To try Turkish recipes adapted from Musa Dağdeviren, click here for cartlak kebap (liver kebabs with onion salad); here for zahter salad (fresh thyme, parsley, and onions with pomegranate molasses dressing); and here for biber cacigi (red pepper and yogurt spread).
Musa Dağdeviren made me seriously consider learning Turkish. Ever since I met him, six years ago in Napa at the Culinary Institute of America at Greystone, I was dying to be able to converse with him in his language, the only one he speaks. Like me he was part of the multi-national group of guest chefs and food writers taking part in several Worlds of Flavor Conferences. From the first time I saw him mix herbs and spices to season his kebabs, vegetable stews, and salads, I was bowled over by the unbelievably enticing and complex flavors he created in dishes that looked simple and straightforward, like the liver kebap (the Turkish spelling of the word) smothered in a blend of dried mint, cumin, and Urfa pepper; or his refreshing zahter salad—a fragrant, tangy mixture of minced fresh thyme shoots, parsley, onion, and scallions dressed in olive oil with lemon and pomegranate molasses.
I wanted to ask him how he came up with these amazing dishes, so different from the Turkish food I had known all my life. Unfortunately we had to communicate in English through an interpreter who knew little about cooking and ingredients, and this proved quite a challenge. I guess, during these first meetings, the only thing I could surely convey to Musa (pronounced Moo-SAH, stressing the last syllable) was how much I loved his food, and he probably liked mine, because he asked me to write for his magazine. Besides being an incredibly talented chef, Musa is also a passionate scholar, and this is obvious if you leaf through Yemek ve Kűltűr (Food and Culture), his wonderfully produced monthly publication that explores the history and roots of various dishes, ingredients, and cooking techniques. Unfortunately the texts are in Turkish and have not yet been translated.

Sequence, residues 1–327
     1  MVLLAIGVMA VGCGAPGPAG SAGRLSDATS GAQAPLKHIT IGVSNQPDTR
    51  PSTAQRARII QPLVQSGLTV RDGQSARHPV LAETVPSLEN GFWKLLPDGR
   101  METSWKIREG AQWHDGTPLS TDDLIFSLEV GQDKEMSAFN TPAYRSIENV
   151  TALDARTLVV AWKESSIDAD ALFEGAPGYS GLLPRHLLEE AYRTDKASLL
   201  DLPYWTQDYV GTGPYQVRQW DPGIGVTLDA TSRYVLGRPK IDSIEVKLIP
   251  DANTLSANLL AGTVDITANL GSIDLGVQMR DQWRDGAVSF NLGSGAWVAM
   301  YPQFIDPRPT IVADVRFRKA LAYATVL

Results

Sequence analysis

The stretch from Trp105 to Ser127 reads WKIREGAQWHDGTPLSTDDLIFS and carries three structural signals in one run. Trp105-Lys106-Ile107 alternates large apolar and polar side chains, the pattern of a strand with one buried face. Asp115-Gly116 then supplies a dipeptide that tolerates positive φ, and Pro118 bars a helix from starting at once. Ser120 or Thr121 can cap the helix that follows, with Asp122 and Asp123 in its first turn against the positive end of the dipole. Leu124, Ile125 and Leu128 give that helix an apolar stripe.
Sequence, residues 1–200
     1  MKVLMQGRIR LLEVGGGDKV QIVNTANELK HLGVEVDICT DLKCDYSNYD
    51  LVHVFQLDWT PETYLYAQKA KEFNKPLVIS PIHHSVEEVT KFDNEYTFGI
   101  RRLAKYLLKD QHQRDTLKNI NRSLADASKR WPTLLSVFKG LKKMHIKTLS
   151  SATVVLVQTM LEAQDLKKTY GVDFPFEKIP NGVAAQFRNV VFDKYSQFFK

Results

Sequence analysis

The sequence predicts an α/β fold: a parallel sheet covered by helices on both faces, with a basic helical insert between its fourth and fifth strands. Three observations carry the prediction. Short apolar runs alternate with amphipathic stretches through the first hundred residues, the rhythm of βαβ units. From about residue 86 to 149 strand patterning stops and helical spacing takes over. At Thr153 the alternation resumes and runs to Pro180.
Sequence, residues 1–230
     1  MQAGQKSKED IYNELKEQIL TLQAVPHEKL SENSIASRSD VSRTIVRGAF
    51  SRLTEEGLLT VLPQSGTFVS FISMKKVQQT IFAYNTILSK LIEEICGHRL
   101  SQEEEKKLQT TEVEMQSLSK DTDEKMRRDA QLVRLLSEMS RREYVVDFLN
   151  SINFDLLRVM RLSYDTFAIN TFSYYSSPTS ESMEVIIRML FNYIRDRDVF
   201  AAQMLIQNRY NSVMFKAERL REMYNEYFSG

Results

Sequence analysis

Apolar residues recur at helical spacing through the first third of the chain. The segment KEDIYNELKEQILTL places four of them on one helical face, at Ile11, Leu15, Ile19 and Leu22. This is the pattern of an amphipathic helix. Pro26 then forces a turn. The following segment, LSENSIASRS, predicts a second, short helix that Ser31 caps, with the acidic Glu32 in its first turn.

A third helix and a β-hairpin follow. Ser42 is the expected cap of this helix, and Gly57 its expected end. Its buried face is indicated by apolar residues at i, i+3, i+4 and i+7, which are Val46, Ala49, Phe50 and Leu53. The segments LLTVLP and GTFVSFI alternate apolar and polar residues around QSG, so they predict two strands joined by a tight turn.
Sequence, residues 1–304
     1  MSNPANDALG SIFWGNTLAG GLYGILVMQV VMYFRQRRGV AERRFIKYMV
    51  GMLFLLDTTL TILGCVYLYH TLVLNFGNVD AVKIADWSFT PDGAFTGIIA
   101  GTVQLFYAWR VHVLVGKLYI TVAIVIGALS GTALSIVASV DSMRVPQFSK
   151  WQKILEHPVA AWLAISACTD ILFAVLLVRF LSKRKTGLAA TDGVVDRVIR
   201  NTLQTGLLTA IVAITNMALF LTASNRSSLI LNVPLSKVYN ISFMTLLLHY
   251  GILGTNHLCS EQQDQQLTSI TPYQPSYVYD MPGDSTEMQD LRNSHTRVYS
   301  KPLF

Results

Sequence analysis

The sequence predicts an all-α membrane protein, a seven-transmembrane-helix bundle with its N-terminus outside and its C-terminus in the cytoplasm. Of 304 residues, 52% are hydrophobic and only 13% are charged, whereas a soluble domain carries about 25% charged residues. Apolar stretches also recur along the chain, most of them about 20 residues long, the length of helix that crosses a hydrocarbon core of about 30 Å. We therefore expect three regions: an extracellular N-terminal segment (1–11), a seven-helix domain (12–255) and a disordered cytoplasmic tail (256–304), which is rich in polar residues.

"Marianna can translate whatever you want to write for the magazine," he told me through the interpreter. He was referring to the Greek-Turkish author and researcher Marianna Yerasimos, whose book 500 Years of Ottoman Cuisine, is one of my favorites, a book that I consult often. Marianna lives in Istanbul, and seldom comes to Greece, let alone the island of Kea, where I live, so for years we were exchanging e-mails and phone calls. She is as passionate about food as Musa, and she often writes for Yemek ve Kűltűr. Meeting her in person and going with her to Ciya, Musa's restaurant, was a dream of mine that I finally realized last month.
The 45-year-old chef has been all over the U.S. and English press: three years ago Paula Wolfert called him "Master Chef" and "culinary anthropologist" in her Food & Wine column, numerous U.K. publications raved about his food, and last April Elif Batuman did a wonderful piece about him for the New Yorker. Don't think, though, that Musa is the Mario Batali of Turkey. Far from it! His is the kind of food that connects with many of the new working-class residents of Istanbul because it reminds them of their mothers' village cooking. It also appeals to sophisticated traditionalists, probably not a large category of Turkish foodies. In his country—much as in mine—chefs that are praised abroad tend to be smirked at by the local bloggers and food writers. If his restaurant was a very expensive venture in a glitzy part of Istanbul, these same foodies—who blog in detail about Dan Barber and Jean-Georges—would probably look at him differently; strange as it may sound, though, Musa does not wish to be famous. He just wants to continue his incessant research, reviving yet more almost-forgotten dishes and adding them to the vast repertoire of his restaurants, the menus of which follow the seasons strictly.
The first Ciya Kebap opened in 1987 and later Ciya Kebap ΙΙ followed. In 1998 Musa and his wife launched Ciya Sofrasi. This last one is the chef's pride, the place where he serves stews, pilafs, and salads—dishes that women in the poor villages of Anatolia cook at home, foods of the poor that very rarely appear on restaurant menus. All three Ciyas are near one another in Kadiköy on the Asian side of Istanbul, a 20-minute ferry ride from the buzzing Taksim, far from the flamboyant Sultanahmet. In this spectacular, traffic-plagued city on the Bosporus, ferries often replace the subway, and we reached the pier and swiped a metro-like card to pass through the automatic gates and board.
Once we were on shore, Marianna guided me through the busy roads of this old neighborhood, bypassing imposing construction sites to reach the relative calm of the pedestrian streets of Kadiköy. Before going to Ciya Sofrasi we wandered through the vibrant market that surrounds the restaurants. I marveled at the variety of fruits and vegetables still on the stands in September: plump sour cherries and green unripe grapes that in Greece are available only early in the summer. But Turkey is a vast country with varied landscape and diverse climates, hence this enviable abundance. I couldn't stop photographing the display of silvery palamut (small bonito), their bright red gills exposed to assure customers of their freshness. Stopping at Marianna's favorite spice shop—although she lives on the European side she likes to shop here—I got the most wonderful Urfa pepper; semi-dried sumac berries, not just the usual powder; and incredibly fragrant turmeric.